Celeriac is one ugly bugger. It's a knobby, tangly, dirty root hiding beneath a mop of straggly greens. Why I selected it from the assortment of root vegetables adorning the winter vegetable display at the farmers market is a bit of mystery - perhaps I felt sorry for the homely little guy. All I can say is, I'm glad that something prompted me to bring this sad specimen home. Because hiding beneath the gruff exterior is a unique and enjoyable flavor experience.

I decided to try my hand at adapting a traditional French preparation for celeriac - the remoulade. It took a bit of work, but I didn't mind. I lopped off the greens and made myself a green juice (celeriac tops, 1 apple and 1/2 a lemon) to fuel me up for a culinary task at hand. Then I simply cut away all of the gnarly exterior. What was left resembled a turnip or swede. The celeriac was treated to a quick grating (I used a box grater, but I sure am missing the grater attachment to my food processor that is buried in a box somewhere from my last move) and set aside.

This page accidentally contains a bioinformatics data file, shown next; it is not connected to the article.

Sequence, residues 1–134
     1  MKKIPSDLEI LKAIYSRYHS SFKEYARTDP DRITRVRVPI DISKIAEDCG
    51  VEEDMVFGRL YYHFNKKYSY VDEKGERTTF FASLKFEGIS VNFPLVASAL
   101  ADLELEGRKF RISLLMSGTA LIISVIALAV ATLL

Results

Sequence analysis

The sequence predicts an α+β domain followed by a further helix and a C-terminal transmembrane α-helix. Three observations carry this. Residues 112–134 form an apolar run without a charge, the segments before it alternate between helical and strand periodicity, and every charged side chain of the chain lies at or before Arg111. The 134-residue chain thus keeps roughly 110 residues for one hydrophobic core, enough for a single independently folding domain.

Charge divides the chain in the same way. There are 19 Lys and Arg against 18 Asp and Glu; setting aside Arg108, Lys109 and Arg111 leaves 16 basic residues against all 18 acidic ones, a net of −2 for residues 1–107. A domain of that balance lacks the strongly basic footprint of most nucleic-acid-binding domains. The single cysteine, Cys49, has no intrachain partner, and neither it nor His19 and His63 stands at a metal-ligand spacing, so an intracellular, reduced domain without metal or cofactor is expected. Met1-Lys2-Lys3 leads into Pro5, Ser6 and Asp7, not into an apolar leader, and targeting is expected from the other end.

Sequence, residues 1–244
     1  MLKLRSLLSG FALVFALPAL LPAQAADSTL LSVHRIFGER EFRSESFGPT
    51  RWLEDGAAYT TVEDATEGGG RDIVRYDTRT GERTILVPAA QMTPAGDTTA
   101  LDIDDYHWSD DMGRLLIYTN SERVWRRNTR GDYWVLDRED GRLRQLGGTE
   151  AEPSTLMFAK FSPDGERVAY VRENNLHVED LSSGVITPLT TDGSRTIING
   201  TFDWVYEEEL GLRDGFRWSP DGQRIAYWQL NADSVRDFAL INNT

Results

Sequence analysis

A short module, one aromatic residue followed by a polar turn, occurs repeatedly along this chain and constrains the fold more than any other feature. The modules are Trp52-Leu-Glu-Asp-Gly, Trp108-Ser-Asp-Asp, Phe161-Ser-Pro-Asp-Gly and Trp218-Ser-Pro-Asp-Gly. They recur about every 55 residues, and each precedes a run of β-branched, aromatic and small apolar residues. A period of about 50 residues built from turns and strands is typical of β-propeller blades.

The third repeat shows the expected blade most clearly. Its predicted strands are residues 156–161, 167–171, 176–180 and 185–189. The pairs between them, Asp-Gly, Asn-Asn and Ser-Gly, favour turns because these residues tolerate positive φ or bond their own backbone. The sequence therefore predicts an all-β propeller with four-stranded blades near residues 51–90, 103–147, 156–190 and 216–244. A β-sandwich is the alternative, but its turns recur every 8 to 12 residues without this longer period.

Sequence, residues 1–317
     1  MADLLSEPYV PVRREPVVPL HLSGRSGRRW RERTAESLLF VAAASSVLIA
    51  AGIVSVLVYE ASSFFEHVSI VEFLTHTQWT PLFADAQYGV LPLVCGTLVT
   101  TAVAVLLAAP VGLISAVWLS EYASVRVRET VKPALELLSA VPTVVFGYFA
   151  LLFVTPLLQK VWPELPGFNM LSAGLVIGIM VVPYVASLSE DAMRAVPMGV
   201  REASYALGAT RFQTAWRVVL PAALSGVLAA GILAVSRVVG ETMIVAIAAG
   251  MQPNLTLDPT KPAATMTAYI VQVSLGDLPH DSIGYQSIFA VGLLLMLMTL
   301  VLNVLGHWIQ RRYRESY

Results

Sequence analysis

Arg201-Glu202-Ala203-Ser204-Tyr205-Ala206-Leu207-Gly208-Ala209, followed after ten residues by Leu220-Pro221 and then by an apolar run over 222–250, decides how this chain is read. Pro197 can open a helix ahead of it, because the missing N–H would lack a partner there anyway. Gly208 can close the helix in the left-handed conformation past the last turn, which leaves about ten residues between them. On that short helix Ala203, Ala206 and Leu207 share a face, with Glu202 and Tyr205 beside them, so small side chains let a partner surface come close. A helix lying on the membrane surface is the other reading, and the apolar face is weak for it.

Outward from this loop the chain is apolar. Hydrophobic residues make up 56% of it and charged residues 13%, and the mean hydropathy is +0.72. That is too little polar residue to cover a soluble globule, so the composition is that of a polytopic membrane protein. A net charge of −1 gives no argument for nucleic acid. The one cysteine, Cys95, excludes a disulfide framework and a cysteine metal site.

A traditional remoulade is dressed with a garlicky mayonnaise. Since I'm not averse to the idea of raw egg, I've tried this before. But I found the results to be so rich that eating it made me feel kind of sick. So I decided to make a lighter version of the creamy, garlicky dressing using avocado as the base, with an assortment of seasonings including parsley from the garden and fresh raw organic garlic (I'm definitely going through a garlic phase at the moment, eating about 1 clove a day...hopefully nobody's noticed). The resulting dressing packs a lot more nutrition and is easier on the stomach than the original.

I tossed the dressing with the grated celeriac and, voila! A lighter, brighter version of celeriac remoulade. Yeah, it looks a little bit greener than the traditional type, but in the raw food world we're used to our food having a slight tinge of green.
Light, Bright Celeriac Remoulade